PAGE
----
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Beyond Ukraine, a Grim Picture

Post-Soviet Democracy

Elections in the former Soviet Union are stolen all the time, but governments get away with it by stifling democratic institutions. Western leaders need to support struggling civil societies in the region, before there is nothing left to support.

The opposition leader, Viktor Yushchenko, appeared to have a clear lead, but the very fact that the vote took place was a victory for civil society. Across much of the former Soviet Union, however, the picture for democracy and institutions that protect basic freedoms is grim.

On Sunday, people in Uzbekistan, a former Soviet state 3,000 kilometers, or 1,875 miles, east of Kiev, elected a new Parliament. Few people were watching what happened because there wasn't much to see. A victory for the pro-government party was a foregone conclusion because there were no opposition candidates. The government has stifled institutions that underpin a free and fair electoral process - opposition political parties, media freedoms, an open atmosphere for nongovernmental organizations and freedom of assembly.

This time last year, after reformists in Georgia staged the "Rose Revolution" that ousted President Eduard Shevardnadze, many wondered what lessons governments in the region would draw. No leader relishes political instability. But the question was, what would the region's leaders do to avoid it? Would they promote honest elections, greater accountability, better governance and peaceful transitions of power? Or would they ignore the issues that cause public discontent, such as entrenched, widespread corruption, and undermine the political opposition and democratic institutions in order to retain power at all costs?

Overwhelmingly, governments in former Soviet states have chosen the latter path, continuing policies that had started well before the Georgian revolt. Uzbekistan may be one of the more acute examples of this trend but it has plenty of company.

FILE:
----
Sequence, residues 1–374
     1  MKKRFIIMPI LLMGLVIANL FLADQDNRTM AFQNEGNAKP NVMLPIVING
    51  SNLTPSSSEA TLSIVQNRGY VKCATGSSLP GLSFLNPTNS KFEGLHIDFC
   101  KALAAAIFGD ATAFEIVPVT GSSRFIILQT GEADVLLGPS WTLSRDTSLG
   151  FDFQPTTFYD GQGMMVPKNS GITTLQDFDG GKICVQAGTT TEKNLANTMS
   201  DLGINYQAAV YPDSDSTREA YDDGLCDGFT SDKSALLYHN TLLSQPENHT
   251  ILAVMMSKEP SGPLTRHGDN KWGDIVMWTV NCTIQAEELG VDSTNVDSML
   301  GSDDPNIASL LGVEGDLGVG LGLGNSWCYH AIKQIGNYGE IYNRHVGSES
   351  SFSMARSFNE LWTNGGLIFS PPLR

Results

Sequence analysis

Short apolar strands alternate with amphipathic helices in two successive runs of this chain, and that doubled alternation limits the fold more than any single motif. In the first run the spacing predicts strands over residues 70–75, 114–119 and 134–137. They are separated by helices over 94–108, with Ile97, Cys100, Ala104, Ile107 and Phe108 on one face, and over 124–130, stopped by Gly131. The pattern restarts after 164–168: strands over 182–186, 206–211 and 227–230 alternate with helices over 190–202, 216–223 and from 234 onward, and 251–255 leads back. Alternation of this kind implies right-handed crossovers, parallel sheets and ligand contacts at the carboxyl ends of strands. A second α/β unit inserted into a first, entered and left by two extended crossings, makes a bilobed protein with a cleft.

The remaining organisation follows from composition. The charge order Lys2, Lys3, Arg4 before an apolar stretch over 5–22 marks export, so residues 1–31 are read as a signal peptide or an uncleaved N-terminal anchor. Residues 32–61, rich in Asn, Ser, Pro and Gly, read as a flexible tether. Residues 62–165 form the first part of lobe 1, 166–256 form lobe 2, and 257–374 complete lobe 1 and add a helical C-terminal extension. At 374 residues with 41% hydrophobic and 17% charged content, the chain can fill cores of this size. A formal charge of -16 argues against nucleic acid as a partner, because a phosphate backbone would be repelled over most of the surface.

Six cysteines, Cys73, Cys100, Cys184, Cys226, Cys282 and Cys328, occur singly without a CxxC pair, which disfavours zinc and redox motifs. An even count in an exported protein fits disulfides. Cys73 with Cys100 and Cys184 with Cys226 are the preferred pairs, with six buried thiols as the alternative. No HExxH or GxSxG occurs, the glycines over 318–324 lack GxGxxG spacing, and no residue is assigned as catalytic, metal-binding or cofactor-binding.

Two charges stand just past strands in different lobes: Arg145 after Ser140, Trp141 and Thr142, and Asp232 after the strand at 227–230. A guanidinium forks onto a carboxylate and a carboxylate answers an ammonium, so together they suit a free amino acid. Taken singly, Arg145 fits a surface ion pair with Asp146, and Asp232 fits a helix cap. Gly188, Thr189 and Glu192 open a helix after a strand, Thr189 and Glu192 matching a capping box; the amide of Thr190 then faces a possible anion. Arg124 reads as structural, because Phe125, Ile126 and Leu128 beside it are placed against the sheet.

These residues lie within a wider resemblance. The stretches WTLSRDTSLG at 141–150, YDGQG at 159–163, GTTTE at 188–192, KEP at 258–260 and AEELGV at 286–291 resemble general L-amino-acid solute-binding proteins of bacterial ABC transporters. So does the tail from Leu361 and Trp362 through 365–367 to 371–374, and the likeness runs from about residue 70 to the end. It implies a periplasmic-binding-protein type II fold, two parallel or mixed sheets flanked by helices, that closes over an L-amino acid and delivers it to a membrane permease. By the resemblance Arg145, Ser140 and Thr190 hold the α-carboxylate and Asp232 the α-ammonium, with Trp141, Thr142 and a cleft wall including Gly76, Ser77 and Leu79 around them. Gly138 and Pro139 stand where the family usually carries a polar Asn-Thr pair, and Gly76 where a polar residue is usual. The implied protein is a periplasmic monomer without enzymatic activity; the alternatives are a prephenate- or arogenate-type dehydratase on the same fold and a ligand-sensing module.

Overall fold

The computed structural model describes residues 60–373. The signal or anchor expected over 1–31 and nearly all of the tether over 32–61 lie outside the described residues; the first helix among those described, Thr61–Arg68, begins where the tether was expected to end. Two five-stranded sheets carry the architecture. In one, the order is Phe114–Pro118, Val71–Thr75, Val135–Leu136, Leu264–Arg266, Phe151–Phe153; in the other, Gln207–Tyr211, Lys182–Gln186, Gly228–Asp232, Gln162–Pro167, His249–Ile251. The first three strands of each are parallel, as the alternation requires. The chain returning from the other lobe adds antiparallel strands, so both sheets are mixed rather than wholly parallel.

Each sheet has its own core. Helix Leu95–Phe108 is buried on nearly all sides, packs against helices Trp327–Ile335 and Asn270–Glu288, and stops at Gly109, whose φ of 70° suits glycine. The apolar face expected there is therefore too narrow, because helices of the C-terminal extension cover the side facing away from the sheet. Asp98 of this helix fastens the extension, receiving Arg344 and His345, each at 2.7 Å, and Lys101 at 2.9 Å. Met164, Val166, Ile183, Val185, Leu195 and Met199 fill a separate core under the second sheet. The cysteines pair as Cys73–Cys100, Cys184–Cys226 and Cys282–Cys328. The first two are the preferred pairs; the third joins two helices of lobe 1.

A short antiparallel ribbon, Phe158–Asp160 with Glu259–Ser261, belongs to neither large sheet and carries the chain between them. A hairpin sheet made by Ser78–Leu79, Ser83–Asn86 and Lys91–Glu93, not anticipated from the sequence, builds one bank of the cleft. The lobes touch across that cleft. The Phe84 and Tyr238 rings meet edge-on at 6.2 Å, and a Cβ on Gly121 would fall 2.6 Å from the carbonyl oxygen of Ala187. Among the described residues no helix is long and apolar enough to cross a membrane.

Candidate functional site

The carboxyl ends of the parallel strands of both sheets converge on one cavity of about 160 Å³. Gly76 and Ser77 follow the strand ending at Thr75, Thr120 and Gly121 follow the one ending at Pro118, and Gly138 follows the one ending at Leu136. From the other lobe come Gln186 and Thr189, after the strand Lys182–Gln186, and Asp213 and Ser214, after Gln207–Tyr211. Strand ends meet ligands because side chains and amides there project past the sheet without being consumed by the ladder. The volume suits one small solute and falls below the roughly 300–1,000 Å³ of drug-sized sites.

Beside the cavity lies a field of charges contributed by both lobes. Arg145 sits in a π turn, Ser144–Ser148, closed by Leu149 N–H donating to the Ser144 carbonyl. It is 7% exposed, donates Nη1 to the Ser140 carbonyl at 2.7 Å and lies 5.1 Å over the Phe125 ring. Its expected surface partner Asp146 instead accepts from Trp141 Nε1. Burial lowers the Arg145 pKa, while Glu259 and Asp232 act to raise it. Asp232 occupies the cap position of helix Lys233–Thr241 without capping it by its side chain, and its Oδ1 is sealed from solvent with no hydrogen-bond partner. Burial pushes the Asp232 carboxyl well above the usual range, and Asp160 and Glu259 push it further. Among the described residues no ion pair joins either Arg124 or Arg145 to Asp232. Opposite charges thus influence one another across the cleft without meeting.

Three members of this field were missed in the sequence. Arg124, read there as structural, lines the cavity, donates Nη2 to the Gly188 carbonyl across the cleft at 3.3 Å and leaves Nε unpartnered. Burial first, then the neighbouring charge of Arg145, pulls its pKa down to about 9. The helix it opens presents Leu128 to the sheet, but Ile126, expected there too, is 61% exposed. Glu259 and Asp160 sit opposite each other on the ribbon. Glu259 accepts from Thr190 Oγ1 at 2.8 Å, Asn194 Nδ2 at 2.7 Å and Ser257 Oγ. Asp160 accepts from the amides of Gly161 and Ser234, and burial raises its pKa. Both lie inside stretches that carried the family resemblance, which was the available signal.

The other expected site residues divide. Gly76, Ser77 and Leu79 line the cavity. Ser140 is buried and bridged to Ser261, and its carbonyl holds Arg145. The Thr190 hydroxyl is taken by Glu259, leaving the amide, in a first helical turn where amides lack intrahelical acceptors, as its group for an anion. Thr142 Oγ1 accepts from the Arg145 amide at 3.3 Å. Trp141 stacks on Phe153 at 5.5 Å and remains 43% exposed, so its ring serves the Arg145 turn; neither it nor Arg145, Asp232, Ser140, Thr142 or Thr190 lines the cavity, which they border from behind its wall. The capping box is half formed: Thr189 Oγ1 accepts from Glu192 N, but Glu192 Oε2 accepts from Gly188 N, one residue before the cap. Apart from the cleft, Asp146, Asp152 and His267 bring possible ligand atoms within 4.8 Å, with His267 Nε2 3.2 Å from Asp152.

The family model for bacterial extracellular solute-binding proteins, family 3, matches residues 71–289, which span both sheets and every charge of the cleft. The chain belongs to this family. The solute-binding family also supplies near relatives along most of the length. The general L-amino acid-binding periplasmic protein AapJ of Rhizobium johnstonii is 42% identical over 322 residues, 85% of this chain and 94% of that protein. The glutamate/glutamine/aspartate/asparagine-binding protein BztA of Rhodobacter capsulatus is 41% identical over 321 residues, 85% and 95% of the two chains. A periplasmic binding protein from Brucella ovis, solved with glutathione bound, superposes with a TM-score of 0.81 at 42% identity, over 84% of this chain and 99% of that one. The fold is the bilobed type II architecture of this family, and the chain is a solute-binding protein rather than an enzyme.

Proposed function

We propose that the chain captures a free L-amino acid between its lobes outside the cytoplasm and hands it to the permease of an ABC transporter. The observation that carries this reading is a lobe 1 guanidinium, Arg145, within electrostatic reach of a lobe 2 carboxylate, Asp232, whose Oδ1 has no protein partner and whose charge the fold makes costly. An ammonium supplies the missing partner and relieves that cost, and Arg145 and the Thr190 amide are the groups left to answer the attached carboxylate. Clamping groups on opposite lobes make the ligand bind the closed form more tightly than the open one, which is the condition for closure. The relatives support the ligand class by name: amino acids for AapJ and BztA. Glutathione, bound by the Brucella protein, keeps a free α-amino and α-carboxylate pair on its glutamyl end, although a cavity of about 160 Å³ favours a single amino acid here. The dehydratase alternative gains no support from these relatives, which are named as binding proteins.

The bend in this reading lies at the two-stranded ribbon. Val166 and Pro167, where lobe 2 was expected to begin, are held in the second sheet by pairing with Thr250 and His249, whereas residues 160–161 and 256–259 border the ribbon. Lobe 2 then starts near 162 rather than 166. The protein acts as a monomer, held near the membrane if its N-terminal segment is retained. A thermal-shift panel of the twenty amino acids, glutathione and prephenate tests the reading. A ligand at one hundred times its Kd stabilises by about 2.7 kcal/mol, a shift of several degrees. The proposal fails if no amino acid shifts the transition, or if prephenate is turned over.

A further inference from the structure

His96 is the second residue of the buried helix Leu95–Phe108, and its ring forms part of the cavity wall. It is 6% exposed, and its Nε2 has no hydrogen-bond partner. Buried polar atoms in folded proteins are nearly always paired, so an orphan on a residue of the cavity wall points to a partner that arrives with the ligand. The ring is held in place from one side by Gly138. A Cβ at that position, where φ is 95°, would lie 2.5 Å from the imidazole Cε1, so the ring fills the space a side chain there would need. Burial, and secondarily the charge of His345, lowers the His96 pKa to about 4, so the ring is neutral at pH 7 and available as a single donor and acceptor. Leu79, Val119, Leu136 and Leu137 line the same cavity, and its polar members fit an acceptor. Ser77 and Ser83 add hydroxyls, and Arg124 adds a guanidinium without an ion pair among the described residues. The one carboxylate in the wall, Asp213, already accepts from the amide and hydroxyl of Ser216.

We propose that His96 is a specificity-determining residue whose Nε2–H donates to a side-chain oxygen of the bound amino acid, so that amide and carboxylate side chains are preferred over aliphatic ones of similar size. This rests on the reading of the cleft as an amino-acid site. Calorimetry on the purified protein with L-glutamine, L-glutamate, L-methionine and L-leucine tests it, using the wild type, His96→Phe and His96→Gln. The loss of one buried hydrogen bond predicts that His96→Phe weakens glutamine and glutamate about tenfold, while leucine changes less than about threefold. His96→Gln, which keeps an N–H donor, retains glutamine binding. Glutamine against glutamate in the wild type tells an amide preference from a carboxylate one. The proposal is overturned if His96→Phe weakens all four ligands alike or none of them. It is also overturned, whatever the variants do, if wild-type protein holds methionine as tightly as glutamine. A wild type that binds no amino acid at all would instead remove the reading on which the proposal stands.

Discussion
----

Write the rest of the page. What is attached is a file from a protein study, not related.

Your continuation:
Azerbaijan's fraudulent presidential elections last year led to political violence, for which the government has imprisoned many opposition leaders. Public demonstrations in Azerbaijan by people seeking to express dissident views are nearly impossible.

In Armenia in spring the government tried to use a variety of arbitrary measures to prevent massive rallies protesting falsified elections the previous year. The police used excessive force on demonstrators, raided the headquarters of opposition parties, arrested a handful of opposition political leaders and rounded up hundreds of their supporters.

Two months ago the government of Kazakhstan created an unfair playing field for the parliamentary vote, resulting in only one opposition party member gaining a seat in the lower house of legislature. A couple of weeks ago not a single opposition candidate was elected in Belarus's parliamentary vote, after the electoral authorities used a combination of nonregistration of candidates and polling day fraud to keep the opposition out.

In Kyrgyzstan, the government has already taken steps to increase its control over the news media and other civil society institutions before parliamentary elections in February.

Throughout the region, governments control television and try to intimidate independent print media through punitive defamation suits and sheer bullying. In many countries, human rights and other civil society organizations are the targets of politically motivated tax inspections. Human rights defenders are unlawfully jailed by the authorities and subject to violent assaults by unknown attackers.

Russia's crackdown on civil society has been under way for the past four years. President Vladimir Putin's government gradually seized control over what had been a diverse, if not exactly free, broadcast media and began using it to promote pro-government political candidates and vilify the opposition.

Putin himself led a broadside attack on democratic organizations, accusing them in his "state of the nation" speech of serving foreign masters rather than the interests of ordinary Russians. Now new legislation will make the funding of nongovernmental organizations subject to government review.

In contrast to their response to compromised elections in other parts of the region, Western countries leaped to the defense of Ukrainians demanding electoral integrity in Ukraine. For the most part, they were not cowed by accusations, from Russia and other countries, that they were meddling. But what would Western leaders have done had it not been possible for Ukrainians to take to the streets? Would their defense have been as firm?

Elections in this part of the world are stolen all the time, but governments get away with it by stifling democratic institutions. Western leaders need to be every bit as supportive of the other struggling civil societies in the region, before there is nothing left to support.

(Rachel Denber is the acting executive director of Human Rights Watch’s Europe and Central Asia division.)

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